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Explain how the project works

Over the past few years, I have created a process to collect the stories and developed my art to express them best. In earlier days of “My Father illustrations”, I would go online and find stories. Now the stories find me. I meet so many people through my work and almost everyone points me to one story or other.

The community organizations I work with help me organize the DwD camps and find participants. They sometimes mediate the conversations due to language differences. Currently, the projects are self-supported however I am looking for funds and grants to scale-up the scope and reach of the projects.

What is your long-term goal with this project?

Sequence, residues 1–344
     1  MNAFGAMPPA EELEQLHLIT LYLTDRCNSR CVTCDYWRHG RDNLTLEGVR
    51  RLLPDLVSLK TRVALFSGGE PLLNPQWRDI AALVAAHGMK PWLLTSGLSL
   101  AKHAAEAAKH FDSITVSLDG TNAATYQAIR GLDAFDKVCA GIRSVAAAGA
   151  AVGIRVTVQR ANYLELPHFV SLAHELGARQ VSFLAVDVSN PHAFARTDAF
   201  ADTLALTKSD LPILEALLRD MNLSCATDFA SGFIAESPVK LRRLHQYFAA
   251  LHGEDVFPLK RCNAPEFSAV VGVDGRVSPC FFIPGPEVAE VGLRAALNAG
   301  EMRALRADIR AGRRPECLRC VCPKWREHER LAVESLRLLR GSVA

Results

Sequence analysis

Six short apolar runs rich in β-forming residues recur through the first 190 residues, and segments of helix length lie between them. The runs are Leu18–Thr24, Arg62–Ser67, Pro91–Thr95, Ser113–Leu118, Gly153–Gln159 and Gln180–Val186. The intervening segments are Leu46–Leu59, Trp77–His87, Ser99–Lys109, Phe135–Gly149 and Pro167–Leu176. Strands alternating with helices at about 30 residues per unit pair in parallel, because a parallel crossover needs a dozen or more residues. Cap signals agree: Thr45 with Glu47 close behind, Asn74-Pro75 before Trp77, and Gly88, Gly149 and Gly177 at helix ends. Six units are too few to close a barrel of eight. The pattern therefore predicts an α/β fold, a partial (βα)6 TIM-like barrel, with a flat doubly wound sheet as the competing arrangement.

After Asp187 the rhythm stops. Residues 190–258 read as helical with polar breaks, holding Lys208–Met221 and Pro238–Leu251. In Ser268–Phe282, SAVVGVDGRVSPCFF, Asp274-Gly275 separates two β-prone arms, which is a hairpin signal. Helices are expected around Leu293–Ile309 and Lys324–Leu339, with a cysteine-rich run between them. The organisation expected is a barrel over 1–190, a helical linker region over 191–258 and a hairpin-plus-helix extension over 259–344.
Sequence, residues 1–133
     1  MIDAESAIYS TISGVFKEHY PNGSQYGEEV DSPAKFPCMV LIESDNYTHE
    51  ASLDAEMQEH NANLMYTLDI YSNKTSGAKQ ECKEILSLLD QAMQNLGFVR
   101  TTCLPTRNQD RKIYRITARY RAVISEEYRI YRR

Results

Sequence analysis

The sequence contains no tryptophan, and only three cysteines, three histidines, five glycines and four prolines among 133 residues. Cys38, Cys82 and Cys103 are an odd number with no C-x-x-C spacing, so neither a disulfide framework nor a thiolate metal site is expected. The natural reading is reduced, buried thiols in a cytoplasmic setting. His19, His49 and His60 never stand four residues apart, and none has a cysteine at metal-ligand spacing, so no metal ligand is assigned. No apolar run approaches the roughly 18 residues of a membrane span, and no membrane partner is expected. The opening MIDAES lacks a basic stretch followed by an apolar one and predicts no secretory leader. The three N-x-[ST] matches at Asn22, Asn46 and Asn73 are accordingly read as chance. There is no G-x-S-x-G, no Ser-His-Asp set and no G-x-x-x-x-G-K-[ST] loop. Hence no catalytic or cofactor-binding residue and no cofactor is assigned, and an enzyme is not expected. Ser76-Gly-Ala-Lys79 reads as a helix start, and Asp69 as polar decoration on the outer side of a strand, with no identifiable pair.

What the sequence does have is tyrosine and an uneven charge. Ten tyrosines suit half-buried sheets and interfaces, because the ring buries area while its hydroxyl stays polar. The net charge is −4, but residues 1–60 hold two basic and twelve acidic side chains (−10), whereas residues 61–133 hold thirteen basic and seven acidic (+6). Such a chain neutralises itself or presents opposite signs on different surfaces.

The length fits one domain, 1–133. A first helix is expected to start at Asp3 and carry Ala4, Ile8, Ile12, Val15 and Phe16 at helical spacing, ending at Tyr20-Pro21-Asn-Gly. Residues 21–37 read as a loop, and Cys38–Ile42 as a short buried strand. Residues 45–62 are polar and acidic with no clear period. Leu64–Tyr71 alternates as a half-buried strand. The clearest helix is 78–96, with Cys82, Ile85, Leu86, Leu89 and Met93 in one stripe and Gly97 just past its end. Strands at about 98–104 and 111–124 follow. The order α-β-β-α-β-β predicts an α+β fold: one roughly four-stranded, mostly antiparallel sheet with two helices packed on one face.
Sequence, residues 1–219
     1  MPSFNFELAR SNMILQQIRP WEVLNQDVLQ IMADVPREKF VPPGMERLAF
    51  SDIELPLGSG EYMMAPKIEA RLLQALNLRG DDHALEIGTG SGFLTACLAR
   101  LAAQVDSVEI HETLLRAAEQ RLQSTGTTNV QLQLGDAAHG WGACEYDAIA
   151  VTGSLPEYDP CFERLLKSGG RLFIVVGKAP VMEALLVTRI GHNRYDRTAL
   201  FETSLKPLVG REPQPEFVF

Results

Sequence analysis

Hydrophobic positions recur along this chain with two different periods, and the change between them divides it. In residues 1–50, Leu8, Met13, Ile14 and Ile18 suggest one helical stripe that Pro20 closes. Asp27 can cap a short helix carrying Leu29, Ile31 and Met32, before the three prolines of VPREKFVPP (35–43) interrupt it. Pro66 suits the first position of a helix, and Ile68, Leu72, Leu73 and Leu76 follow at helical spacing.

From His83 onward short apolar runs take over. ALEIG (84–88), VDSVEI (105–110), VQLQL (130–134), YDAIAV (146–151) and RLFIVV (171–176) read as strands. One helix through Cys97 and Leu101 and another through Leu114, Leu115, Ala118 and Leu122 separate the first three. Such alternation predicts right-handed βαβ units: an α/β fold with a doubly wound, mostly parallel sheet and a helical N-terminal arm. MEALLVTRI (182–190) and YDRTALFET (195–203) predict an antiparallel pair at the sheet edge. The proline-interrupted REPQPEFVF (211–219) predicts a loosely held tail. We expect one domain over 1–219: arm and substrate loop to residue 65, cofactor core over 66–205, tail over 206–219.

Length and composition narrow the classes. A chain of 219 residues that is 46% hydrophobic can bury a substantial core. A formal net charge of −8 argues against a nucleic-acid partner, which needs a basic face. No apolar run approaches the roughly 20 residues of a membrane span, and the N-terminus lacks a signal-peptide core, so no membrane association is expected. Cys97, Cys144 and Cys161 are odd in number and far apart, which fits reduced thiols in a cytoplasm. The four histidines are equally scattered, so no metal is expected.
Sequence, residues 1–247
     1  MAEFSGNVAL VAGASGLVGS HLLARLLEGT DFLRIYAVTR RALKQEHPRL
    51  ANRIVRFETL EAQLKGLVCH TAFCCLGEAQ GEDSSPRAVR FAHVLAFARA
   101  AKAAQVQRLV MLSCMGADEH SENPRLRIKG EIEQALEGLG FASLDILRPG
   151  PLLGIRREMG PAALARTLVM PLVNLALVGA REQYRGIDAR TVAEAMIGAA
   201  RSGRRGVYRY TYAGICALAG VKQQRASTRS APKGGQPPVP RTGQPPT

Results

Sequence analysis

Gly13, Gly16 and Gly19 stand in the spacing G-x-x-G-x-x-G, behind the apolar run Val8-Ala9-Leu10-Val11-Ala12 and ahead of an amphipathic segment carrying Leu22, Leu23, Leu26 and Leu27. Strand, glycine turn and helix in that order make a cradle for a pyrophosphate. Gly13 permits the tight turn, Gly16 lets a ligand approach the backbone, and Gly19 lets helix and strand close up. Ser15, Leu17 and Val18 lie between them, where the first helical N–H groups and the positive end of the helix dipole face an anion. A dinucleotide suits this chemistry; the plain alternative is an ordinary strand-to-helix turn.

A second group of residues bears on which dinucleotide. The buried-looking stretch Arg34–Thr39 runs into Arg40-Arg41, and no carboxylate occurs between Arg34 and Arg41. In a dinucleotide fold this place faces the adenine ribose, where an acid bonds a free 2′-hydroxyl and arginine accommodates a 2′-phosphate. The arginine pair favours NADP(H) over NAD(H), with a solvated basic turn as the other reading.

I want to reach out to every ‘unheard’ father-daughter story that has the power to move the world. I will continue to partner with individuals and organizations to maximize my reach and inspire millions with people’s stories and my art.

What type of feedback have you received so far?

I have received hundreds of messages from the followers of “My Father illustrations”. They express awe, inspiration, pleasure, happiness and myriads of other human emotions that are hard to express in words. Many subjects of my stories have expressed gratitude and love. Sometimes a child shares a picture based on one of my stories and it melts my heart. Sometimes a father tells me how beautifully connected they feel to the cause. Many people connect to more stories in their communities and so a chain of positivity has formed where the communities are charged to take action. With every “like” on my Facebook page and every word of appreciation I get in my inbox, I feel more driven towards the cause. Every drop of inspiration means an ocean full of positive waves that keep me moving on.